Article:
replacements rather than expensive $/TB storage.
However, the memory
accelerator has a greater utility than this comparison might suggest on its own
because the ability to solve problems sooner, and the ability to solve more
complex problems for the first time within a shorter real-time period create
new value propositions by making new algorithmic engines viable for new markets
This ability to create new markets is like the
dynamic energy seen in the computer market in the 1980s and 1990s which began
with microprocessors making computation cheaper but ended (around 1999) when
limits were reached in how fast the GHz clock rate of any particular core could
run. And the collective decision of server companies that fater was not
necessary is partly to blame for the dumbing down of processor design
architecture for nearly 20 years thereafter.
The good thing which
emerged from that lack of investment in making commercial processors faster
was that it created the fertile soil for the SSD acceleration market - which
became the only game in town.
And now that there is a greater
understanding of memory (and the interplay of roles and values between raw
memory capacity and raw latency) and helped by an SSD rich ecosystem in which
larger portions of any computing problem can be economically gathered into
systems where the random access time can be arranged to be a handful of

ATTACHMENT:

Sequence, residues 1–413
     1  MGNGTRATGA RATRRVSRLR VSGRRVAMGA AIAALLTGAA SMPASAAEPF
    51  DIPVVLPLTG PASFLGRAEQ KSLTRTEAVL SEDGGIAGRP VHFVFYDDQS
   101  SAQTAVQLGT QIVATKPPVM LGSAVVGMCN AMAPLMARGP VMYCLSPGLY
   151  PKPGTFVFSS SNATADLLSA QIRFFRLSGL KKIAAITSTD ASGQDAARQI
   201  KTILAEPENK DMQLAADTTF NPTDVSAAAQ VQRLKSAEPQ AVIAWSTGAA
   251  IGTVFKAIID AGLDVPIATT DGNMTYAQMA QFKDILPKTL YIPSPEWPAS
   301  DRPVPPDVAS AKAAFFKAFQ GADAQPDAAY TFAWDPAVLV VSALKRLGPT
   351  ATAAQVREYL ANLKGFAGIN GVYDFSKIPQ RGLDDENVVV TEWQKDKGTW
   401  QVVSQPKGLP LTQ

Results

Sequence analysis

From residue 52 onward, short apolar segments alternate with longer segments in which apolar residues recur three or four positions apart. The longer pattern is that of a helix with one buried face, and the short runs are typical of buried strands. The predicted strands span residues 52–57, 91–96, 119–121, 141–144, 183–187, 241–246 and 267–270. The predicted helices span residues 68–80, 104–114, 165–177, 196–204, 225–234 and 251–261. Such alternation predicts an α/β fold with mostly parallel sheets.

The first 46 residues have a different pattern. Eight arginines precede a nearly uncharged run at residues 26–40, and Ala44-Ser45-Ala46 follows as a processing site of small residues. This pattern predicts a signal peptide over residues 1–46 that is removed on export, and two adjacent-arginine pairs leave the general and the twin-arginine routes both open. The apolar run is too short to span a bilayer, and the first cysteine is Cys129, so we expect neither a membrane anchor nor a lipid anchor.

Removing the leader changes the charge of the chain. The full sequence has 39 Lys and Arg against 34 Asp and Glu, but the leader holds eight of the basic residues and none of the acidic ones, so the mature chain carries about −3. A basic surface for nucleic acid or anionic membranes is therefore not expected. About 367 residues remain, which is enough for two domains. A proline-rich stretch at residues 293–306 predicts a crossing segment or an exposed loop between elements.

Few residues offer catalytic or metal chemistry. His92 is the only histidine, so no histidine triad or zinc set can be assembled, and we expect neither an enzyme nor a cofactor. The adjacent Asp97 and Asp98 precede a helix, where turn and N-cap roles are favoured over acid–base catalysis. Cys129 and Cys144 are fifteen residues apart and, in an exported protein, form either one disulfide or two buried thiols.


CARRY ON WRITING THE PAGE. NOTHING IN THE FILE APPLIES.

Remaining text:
microseconds rather than tens of milliseconds - the creative juices of computing
architecture have been turning to the much needed creation of new memoryfication
compatible computing engines and new processor architectures.
what has been giving rise to the proliferation in recent years of commercial
in-situ SSDs, processing in / near memory FPGA arrays and dedicated memory
accelerators for machine learning and similar neural algorithms.
early implementations which you can read about in the SSD news archives
demonstrate 2 things.
- The value of an Nx faster memory-compute accelerator can indeed be measured
by at least the cost of all the previous traditional hardware which was needed
to solve similar problems before. So 1 new PU (TPU etc) is indeed worth Nx
conventional server CPU / GPU / when there is sufficient work to be within a
particular problem shape universe. Their value is application specific. (Some
workloads are accelerated better than others.)
will creates an existential problem for makers of memory testers - because the